Robinhood Markets, the online trading firm that has done more than any other to stimulate the speculative juices of small-town American investors, became both hero and victim of its own success in the first week after it went public. The firm has become synonymous with pumping and dumping of micro-cap stocks in America, most notably by investors using on-line chat forums to gather the support of co-investors when planning a raid. Following an - initially - disappointing market debut, a wave of buying by private individuals sent the company’s market value from $29 billion to $65 billion. This was followed by a 28% retrenchment, after some of the firm’s biggest investors filed regulatory disclosures to sell 98 million shares (14% of the company). Unlike most initial public offerings, Robinhood shareholders were not inconvenienced by the usual six-month lockup period.
JP Morgan and Goldman Sachs occupy one end of the working-from-home spectrum: they intend staff to return fully to the office, and have criticised Zoom (video) calls for lacking the creative spark and camaraderie of face-to-face contact. However, the last three decades have shown that fighting technological trends is not a winning strategy, at least not if you want to escape the fate of the dinosaurs. Other companies’ strategies are making the two banks look increasingly outdated. KPMG’s British staff will be required to work in the office only two days a week. Unilever’s Chief Executive anticipates “never going back to five days a week in the office”. Staff at Ocado have been allowed to work wherever they want in the world for one month a year. At the other end of the spectrum, Twitter’s employees have been told they can work from home forever.
Chinese internet giant and biggest e-commerce company Alibaba Group Holding has warned investors that it will no longer enjoy a tax break granted to the country’s internet sector, and that it expects its tax rate to rise from 8% to 20% in future. The tax hikes are expected to apply to most Chinese internet companies, and is part of the government’s wider regulatory crackdown.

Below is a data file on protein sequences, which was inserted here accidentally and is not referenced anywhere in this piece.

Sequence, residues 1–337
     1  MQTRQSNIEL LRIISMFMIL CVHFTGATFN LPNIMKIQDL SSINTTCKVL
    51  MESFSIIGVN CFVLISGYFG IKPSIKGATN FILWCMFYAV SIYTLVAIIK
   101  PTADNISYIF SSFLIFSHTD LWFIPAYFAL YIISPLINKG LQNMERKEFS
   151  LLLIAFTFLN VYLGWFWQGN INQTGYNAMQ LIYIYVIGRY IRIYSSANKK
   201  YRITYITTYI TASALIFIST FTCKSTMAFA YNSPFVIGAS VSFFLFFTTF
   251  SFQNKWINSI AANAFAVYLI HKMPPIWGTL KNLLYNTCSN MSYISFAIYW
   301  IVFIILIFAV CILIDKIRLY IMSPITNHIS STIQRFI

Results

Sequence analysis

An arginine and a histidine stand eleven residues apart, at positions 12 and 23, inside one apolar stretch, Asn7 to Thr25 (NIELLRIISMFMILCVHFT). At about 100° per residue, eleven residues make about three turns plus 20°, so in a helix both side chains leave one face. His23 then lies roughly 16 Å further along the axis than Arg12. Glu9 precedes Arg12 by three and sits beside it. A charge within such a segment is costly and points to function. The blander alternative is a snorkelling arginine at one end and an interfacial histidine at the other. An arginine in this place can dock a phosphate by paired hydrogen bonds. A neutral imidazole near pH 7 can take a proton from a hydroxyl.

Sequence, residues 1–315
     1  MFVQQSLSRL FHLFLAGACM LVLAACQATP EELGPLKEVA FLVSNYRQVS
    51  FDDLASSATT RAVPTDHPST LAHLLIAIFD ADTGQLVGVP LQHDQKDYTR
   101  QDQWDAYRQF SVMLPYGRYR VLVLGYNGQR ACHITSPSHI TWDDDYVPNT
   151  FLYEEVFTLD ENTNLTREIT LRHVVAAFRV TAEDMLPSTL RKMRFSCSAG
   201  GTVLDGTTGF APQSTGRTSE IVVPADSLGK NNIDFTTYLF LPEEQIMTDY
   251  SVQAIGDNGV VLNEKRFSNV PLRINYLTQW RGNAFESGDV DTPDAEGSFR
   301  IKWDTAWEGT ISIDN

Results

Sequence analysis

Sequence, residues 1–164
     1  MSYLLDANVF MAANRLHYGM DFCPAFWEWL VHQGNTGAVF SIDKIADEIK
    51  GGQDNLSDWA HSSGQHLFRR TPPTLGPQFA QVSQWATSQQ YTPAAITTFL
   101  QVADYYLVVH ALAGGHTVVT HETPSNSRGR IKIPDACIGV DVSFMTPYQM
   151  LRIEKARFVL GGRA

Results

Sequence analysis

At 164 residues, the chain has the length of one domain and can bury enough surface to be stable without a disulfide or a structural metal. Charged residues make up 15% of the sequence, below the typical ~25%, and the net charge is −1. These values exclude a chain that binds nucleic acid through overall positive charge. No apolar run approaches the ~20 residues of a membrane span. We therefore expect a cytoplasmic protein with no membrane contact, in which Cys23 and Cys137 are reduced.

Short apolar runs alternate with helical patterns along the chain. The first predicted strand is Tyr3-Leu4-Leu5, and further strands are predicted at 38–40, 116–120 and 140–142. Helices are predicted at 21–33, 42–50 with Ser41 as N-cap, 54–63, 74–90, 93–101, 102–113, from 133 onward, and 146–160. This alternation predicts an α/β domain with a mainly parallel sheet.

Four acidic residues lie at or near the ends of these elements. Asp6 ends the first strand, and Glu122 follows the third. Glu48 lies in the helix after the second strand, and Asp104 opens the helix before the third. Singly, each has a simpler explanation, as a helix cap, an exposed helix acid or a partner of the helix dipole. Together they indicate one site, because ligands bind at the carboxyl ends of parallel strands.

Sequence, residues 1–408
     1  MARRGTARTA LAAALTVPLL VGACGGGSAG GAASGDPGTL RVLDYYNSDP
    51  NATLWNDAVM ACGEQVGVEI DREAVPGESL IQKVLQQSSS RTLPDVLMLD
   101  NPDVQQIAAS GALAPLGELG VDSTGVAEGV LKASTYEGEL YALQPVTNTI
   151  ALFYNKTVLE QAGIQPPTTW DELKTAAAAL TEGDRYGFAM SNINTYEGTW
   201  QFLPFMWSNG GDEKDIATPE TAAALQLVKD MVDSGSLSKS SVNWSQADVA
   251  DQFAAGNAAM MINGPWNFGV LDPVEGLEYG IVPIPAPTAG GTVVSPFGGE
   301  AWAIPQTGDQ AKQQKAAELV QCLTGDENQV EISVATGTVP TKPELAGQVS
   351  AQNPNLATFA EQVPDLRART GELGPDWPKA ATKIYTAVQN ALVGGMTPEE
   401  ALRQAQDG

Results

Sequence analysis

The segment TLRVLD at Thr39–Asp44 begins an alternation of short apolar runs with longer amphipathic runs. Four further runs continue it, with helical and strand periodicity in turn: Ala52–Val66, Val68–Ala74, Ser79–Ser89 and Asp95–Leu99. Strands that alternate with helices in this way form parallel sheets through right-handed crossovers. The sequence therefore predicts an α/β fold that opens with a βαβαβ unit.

UK GDP in June is expected to have continued its rebound, growing by 0.7% from the previous month. The accommodation and food services sector probably led the way again, supported by a rise in output in the arts, entertainment and recreation sector, as most firms in this sector reopened only after the May 17th unlocking. However, as has been the case in Europe, manufacturing activity and industrial production are expected to have slowed their rate of growth from the previous month.
This publication is intended to be Walker Crips Investment Management’s own commentary on markets. It is not investment research and should not be construed as an offer or solicitation to buy, sell or trade in any of the investments, sectors or asset classes mentioned. The value of any investment and the income arising from it is not guaranteed and can fall as well as rise, so that you may not get back the amount you originally invested. Past performance is not a reliable indicator of future results. Movements in exchange rates can have an adverse effect on the value, price or income of any non-sterling denominated investment. Nothing in this document constitutes advice to undertake a transaction, and if you require professional advice you should contact your financial adviser or your usual contact at Walker Crips. Walker Crips Investment Management Limited is authorised and regulated by the Financial Conduct Authority and is a member of the London Stock Exchange. Registered office: Old Change House, 128 Queen Victoria Street, London, EC4V 4BJ. Registered in England number 4774117.
No news or research content is a recommendation to deal. It is important to remember that the value of investments and the income from them can go down as well as up, so you could get back less than you invest. If you have any doubts about the suitability of any investment for your circumstances, you should contact your financial advisor.